This week’s featured collection: MiguelFaus
MiguelFaus is a writer and director from Barcelona, now living in London. His first feature film, Calladita, was the first European movie funded by NFTs. MiguelFaus’s collection includes several famous NFTs, such as CryptoPunks, HashMasks and Ringers. Check it out at lazy.com/miguelfaus
Hello 2023! This week we are kicking off the New Year by deepening our understanding of how NFTs work. You may be comfortable navigating an NFT marketplace, but today we’re going to look behind the scenes at smart contracts on the blockchain.
Let’s start with a basic recap. In very simple terms, there are three kinds of cryptocurrencies: 1) native tokens that power a blockchain 2) fungible tokens or 3) non-fungible tokens (NFTs).
Native tokens, like Ethereum, are the fuel for the blockchain: you spend the native token to pay for transactions, such as transferring an NFT.
Fungible and non-fungible tokens are managed by smart contracts that run on the blockchain. What distinguishes NFTs from fungible tokens is that each NFT is one-of-a-kind. Think of it this way: each NFT has a unique serial number. And if you know the serial number of an NFT then you can also prove who owns it.
With that background out of the way, we can now look more closely at a specific NFT’s smart contract.
We’ll look at an NFT that we don’t own: Azuki.
First, we head to OpenSea and find Azuki’s smart contract address by clicking the Etherscan icon on the collection page.
Etherscan is a blockchain explorer. It tells us everything that is happening on the blockchain in an easy to read format. Each NFT has a smart contract that keeps track of ownership and other information.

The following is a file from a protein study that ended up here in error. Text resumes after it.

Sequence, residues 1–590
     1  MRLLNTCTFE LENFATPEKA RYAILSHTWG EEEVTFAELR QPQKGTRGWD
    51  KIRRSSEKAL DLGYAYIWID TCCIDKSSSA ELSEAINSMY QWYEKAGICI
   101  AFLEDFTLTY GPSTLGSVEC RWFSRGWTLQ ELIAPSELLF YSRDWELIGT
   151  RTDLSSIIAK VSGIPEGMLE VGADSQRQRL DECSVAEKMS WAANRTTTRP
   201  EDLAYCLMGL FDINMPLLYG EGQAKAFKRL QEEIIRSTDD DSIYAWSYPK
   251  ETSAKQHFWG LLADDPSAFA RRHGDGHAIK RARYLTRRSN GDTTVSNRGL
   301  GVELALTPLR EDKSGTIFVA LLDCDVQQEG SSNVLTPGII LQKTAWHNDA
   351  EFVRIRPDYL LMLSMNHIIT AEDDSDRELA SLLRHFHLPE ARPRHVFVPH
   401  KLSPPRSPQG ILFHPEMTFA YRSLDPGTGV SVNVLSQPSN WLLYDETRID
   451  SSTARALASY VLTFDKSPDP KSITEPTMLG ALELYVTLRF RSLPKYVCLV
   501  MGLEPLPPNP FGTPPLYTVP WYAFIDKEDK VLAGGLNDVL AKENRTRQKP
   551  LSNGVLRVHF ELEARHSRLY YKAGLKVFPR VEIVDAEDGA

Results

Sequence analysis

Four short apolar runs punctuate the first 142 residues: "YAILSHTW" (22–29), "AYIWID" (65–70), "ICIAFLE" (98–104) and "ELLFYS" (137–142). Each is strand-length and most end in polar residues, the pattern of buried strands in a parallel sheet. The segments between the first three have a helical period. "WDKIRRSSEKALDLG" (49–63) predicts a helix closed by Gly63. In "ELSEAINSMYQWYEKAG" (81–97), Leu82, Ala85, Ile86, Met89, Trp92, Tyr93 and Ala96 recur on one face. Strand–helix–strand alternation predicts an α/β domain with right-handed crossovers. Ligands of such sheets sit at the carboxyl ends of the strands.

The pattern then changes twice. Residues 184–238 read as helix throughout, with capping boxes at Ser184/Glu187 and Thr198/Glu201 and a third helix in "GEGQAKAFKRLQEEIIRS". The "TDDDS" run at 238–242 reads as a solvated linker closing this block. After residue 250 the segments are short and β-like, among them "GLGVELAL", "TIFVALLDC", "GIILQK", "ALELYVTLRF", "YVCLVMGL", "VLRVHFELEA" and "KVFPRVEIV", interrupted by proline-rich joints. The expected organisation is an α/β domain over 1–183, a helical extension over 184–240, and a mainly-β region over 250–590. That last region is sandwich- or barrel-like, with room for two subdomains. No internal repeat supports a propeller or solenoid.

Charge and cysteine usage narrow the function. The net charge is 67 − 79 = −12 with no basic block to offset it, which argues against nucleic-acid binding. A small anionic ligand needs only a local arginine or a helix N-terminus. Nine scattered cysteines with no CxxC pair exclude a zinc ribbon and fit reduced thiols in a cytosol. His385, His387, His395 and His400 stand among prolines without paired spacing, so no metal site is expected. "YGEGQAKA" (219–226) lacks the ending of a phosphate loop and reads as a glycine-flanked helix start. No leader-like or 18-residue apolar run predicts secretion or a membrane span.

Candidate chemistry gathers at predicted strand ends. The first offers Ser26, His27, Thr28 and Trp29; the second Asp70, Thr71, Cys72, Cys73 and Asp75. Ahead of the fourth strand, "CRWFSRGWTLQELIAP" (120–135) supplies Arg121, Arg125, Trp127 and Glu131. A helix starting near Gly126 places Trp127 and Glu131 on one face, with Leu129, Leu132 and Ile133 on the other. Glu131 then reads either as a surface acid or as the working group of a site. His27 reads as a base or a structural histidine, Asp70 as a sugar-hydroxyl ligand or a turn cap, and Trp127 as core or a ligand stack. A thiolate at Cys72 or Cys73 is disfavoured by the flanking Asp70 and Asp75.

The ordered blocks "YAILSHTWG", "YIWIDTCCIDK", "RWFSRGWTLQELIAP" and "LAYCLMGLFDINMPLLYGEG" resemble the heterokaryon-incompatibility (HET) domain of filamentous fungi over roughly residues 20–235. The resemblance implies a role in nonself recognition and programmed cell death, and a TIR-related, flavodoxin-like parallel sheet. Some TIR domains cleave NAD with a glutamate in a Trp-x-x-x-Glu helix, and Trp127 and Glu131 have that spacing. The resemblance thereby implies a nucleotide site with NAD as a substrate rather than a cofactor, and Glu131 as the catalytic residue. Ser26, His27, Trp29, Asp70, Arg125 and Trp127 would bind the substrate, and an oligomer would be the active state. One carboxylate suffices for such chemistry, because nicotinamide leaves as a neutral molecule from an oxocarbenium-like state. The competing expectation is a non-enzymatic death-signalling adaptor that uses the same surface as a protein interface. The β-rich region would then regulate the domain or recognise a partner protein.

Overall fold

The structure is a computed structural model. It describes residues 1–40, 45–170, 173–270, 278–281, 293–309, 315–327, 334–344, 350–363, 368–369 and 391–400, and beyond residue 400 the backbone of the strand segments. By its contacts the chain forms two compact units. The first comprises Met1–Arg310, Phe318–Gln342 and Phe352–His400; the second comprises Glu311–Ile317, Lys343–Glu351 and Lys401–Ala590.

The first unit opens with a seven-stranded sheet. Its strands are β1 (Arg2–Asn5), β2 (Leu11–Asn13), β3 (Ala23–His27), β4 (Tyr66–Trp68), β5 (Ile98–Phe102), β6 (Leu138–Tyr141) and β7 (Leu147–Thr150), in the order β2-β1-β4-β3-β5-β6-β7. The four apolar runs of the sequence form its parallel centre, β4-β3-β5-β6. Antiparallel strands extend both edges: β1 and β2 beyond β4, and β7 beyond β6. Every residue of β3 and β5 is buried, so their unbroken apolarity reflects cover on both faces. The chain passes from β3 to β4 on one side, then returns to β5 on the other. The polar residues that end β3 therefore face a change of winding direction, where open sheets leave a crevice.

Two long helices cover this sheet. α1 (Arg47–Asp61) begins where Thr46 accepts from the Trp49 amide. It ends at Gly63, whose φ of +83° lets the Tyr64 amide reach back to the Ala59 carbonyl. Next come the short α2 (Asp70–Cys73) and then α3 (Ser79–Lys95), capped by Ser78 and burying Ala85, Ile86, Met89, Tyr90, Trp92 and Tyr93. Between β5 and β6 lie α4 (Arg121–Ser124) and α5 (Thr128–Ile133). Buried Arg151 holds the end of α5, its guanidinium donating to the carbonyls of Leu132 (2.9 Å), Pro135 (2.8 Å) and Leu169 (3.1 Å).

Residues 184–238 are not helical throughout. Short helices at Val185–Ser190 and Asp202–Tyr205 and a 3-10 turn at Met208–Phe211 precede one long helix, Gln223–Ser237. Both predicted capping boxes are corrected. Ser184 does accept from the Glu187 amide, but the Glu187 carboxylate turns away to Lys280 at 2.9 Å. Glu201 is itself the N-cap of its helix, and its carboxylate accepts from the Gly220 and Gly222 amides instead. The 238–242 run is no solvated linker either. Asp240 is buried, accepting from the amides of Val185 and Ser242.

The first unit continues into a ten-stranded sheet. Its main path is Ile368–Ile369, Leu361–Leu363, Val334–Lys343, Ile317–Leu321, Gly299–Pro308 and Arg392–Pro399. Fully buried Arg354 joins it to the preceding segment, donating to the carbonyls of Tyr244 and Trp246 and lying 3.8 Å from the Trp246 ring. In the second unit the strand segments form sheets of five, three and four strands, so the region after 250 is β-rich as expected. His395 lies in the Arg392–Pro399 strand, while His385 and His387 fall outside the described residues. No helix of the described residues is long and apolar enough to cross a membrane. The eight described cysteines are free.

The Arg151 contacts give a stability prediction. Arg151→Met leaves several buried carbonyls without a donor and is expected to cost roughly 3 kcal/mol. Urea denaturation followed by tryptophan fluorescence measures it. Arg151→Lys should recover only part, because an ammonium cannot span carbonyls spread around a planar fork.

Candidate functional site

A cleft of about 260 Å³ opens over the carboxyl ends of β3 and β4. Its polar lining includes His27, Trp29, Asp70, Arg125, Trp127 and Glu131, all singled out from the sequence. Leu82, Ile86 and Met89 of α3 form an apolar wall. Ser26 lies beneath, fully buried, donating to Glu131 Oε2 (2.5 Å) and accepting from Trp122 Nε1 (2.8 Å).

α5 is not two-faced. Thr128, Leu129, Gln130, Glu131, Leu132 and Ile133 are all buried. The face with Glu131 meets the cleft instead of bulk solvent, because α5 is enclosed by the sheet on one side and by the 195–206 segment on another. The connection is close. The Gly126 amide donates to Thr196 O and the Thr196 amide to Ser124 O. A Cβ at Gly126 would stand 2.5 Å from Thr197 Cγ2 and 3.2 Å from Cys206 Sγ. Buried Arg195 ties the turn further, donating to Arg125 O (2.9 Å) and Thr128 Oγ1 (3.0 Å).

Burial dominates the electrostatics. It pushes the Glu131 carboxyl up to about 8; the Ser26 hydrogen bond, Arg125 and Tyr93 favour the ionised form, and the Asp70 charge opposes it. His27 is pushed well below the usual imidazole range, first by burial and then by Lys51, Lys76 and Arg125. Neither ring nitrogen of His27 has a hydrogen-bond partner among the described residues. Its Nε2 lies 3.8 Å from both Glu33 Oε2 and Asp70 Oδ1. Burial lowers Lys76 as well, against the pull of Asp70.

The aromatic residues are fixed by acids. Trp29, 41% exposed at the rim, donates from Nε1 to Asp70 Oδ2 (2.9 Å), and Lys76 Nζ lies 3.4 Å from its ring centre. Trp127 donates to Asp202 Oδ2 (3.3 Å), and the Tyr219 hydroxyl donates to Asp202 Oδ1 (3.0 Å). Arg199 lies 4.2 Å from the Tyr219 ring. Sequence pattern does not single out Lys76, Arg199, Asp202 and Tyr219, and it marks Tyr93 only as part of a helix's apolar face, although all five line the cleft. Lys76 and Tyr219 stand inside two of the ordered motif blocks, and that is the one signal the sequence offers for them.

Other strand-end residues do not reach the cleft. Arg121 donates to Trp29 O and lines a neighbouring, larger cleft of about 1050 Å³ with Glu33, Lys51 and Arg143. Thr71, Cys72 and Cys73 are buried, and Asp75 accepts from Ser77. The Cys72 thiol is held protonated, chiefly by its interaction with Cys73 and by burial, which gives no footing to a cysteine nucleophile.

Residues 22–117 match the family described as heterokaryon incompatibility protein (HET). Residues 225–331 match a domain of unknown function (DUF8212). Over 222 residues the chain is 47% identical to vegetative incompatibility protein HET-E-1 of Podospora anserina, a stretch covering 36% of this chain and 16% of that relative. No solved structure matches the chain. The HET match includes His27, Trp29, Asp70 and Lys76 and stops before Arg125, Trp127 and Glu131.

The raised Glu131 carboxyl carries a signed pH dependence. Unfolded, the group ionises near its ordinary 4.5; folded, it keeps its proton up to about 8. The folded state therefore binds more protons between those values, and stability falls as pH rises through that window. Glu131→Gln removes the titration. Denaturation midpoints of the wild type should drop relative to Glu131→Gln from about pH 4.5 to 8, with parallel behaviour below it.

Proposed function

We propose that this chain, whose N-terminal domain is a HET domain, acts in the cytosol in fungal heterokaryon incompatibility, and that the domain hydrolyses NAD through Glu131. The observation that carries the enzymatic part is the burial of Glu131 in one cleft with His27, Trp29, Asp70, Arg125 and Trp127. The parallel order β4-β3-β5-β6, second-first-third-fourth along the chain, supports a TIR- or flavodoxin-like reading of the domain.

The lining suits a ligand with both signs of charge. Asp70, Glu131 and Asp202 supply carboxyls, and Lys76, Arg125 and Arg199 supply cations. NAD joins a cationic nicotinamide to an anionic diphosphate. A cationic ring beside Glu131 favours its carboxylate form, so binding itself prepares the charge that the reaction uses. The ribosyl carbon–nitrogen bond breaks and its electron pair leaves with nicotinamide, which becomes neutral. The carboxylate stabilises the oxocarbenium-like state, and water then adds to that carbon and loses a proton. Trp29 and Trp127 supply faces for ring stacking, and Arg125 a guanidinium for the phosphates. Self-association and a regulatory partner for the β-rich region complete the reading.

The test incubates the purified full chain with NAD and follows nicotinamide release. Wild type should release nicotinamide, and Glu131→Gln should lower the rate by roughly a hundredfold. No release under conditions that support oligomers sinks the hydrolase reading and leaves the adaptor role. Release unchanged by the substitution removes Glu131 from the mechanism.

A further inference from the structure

Azuki’s smart contract address is 0xed5af388653567af2f388e6224dc7c4b3241c544 and if we open that address in Etherscan then we see this page:
Spend some time exploring this page. For now, we’re going to click on the Contract heading. This will load the NFT’s smart contract. If we are doing due diligence on a project then we could look at the smart contract to see if it was sophisticated or a simple copy/paste.
If you’re not a programmer then looking at the smart contract isn’t particularly helpful. Instead, try clicking on the “Read Contract” button. This allows you to query the NFT’s smart contract for information. You can scroll down to “ownerOf” and put in the serial number (or “tokenId”) of an Azuki NFT.
For example, if you put in the tokenId 1 then it will tell you who owns that NFT:
Keep playing around with the Read Contract screen and you’ll notice that all kinds of information is stored in the smart contract. For example, if you go to tokenURI and input 1 then the smart contract will give you a link to where the NFT’s image and attributes are stored.
In this case, the NFT’s information is stored on IPFS, a distributed file storage system.
Now you can understand how an NFT marketplace knows the attributes of your favorite NFT: the smart contract tells the marketplace where the information is stored!
Congratulations, you just interacted with an NFT smart contract running on the blockchain! Keep exploring and let us know what you learn!
👉🏼 Lazy.com is seeking a web3 front-end developer with React experience. 👀
Tens of thousands of collectors use Lazy.com to display their NFTs. Help us shape what they see. Apply now by sending a sample of your work.
We ❤️ Feedback
We would love to hear from you as we continue to build out new features for Lazy! Love the site? Have an idea on how we can improve it? Drop us a line at email@example.com